By Jonah Grinkewitz

Greek mythology, video games and nuclear testing.

It's an interesting combination, but those are a few of the things Jasmine Tutt is passionate about.

Oh, and her corgi puppy, Tyche (named for the Greek goddess of fortune).

"She would say she's the most important," Tutt said with a laugh.

For the past few years, when she hasn't been cuddling with Tyche or gaming, Tutt has been studying.

An electrical engineering major, Tutt will graduate this spring after going through the Professional Development Program - a partnership between Old Dominion University and Newport News Shipbuilding.

While working as an apprentice at the shipyard, she took courses in the Batten College of Engineering and Technology to earn her bachelor's degree.

Tutt described the process as one long job interview. Now, she will graduate as an Electrical Engineer II at the shipyard.

"My engineering development has been hand-in-hand with ODU and my work," Tutt said. "It was really cool to have my classes align directly with what I was doing at the shipyard."

She especially credits the senior capstone project she did with Steven Gray, associate professor of electrical and computer engineering.

"She ran our weekly meetings like a seasoned veteran," Gray said. "She definitely knows her power systems engineering, but she also couples these technical skills with excellent people skills."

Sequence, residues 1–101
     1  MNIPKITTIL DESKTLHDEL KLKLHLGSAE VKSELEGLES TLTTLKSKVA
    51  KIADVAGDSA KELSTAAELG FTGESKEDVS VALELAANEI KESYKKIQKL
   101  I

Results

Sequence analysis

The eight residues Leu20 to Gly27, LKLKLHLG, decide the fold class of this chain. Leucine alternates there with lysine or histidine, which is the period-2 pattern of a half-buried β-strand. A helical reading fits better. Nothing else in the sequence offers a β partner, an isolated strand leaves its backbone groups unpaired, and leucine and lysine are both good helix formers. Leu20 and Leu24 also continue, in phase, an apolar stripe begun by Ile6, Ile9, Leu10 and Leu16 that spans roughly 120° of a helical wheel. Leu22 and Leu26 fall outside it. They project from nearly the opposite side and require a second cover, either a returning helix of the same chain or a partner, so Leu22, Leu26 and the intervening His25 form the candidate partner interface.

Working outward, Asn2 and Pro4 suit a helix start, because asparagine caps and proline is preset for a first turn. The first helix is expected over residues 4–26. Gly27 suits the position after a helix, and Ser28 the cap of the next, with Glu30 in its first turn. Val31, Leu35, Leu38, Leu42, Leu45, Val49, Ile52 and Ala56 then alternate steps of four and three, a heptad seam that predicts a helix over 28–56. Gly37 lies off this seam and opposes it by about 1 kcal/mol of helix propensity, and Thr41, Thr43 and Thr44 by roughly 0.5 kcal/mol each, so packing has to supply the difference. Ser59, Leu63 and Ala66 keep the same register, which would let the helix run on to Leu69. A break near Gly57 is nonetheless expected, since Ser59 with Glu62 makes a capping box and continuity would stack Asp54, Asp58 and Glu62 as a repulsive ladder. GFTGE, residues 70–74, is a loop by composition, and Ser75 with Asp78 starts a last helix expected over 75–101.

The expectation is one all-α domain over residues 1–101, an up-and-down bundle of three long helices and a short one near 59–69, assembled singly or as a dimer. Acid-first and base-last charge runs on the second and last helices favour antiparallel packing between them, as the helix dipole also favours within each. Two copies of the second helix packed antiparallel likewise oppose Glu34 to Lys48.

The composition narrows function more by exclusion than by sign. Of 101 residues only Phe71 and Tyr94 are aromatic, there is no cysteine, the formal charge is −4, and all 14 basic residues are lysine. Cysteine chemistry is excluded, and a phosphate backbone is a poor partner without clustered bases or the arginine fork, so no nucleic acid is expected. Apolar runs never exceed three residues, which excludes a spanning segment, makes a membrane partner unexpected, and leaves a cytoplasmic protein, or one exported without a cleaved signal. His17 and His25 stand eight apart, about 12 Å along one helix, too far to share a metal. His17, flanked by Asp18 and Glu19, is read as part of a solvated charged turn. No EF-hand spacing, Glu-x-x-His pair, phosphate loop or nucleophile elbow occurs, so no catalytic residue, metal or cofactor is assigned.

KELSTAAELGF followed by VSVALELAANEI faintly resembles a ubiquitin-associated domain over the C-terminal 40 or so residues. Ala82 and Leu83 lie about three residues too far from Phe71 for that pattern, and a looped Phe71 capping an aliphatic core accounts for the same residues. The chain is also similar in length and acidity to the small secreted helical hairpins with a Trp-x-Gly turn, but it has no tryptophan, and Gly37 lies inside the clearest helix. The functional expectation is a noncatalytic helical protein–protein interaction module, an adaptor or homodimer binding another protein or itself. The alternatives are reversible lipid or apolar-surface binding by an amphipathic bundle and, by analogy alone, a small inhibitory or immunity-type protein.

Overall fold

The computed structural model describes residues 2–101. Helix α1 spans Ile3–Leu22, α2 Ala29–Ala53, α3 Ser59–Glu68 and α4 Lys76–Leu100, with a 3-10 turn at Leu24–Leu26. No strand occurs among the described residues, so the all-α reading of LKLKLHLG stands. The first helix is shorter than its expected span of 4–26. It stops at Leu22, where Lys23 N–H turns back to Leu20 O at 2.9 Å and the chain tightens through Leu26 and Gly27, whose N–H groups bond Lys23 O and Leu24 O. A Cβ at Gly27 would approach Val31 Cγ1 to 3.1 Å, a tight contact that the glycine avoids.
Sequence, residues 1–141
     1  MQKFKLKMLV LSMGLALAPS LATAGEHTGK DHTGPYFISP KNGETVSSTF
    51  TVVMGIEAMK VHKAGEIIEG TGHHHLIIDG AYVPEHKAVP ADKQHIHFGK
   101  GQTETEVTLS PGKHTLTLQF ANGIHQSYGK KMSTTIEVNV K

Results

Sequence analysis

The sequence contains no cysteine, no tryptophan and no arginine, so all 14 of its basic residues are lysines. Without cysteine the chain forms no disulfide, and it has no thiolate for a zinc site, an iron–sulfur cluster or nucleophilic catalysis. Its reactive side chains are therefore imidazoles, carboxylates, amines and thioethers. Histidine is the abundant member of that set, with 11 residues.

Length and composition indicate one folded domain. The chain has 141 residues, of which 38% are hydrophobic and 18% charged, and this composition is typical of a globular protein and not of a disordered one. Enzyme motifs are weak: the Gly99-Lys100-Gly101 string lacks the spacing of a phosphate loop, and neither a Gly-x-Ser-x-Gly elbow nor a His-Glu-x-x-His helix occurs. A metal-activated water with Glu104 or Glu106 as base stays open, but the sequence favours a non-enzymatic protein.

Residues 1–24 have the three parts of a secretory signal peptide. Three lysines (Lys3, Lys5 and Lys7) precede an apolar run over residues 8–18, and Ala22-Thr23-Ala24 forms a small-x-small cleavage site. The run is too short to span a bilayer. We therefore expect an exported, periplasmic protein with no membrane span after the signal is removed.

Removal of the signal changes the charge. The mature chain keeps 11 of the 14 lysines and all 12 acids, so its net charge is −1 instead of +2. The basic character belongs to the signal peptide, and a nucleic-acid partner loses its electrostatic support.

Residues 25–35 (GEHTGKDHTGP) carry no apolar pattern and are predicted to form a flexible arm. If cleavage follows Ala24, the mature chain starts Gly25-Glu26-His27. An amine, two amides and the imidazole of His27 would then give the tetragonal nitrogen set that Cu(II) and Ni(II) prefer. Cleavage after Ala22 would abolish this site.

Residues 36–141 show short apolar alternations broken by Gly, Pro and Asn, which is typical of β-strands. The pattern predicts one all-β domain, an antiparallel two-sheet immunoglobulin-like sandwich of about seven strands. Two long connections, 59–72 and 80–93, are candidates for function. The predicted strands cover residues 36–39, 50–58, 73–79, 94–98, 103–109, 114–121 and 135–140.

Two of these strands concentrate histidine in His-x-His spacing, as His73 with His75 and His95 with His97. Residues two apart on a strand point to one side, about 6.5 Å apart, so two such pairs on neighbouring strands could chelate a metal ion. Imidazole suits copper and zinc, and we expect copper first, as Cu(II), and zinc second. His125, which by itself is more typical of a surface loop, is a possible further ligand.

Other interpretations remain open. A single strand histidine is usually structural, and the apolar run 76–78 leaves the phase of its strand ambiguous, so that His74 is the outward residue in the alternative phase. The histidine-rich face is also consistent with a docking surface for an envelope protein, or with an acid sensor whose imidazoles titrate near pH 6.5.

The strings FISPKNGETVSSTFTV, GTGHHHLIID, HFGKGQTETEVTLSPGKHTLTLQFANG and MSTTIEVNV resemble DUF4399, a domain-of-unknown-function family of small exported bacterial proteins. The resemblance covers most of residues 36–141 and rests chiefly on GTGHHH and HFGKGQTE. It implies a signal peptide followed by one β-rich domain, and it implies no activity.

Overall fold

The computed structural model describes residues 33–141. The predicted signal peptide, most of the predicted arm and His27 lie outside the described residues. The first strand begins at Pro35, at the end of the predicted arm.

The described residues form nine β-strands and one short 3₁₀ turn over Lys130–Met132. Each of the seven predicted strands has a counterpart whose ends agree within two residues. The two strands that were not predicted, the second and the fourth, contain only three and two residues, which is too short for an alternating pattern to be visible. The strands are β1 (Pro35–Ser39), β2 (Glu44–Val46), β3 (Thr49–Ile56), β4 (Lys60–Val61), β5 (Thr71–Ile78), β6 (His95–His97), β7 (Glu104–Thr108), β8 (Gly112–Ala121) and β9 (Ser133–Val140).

Born in Lexington, Virginia, Tutt previously received a bachelor's degree in chemistry from the College of William & Mary.

She started the apprenticeship program at the shipyard in 2014 and started taking classes at ODU in 2019.

"I'm coming back to this as a much older, different person than I was when I first went to college," she said. "My mindset is different and I'm at a different point in my life, so going back to school was an opportunity for a second chance."

Tutt's time studying polymers and radiation as a chemistry major drew her to the nuclear test program at the shipyard.

She hopes to work in nuclear testing, but she may also work in propulsion, combat systems or machinery.

No matter what, her electrical engineering degree gives her the foundation to do any of those jobs.

"The education Jasmine received at ODU in electrical engineering translates directly into the skill sets required to be a successful practicing engineer," Gray said. "Knowing the fundamentals is very important to our ever-evolving discipline."

As an apprentice at the shipyard, Tutt already has experience working on submarines and aircraft carriers.

"These are complex, multi-system entities, and you can't just have one focus area of knowledge," she said. "The education I received at Old Dominion helped me get a breadth of knowledge to understand and communicate across disciplines, which is incredibly important to work on a team like that."

After a long journey, Tutt said she is tired, but satisfied to finish the program.

"This was a chance to prove that I can do something difficult and I'm proud of it," she said. "As my mom always says, 'Something that's worth having very rarely comes easy.'"

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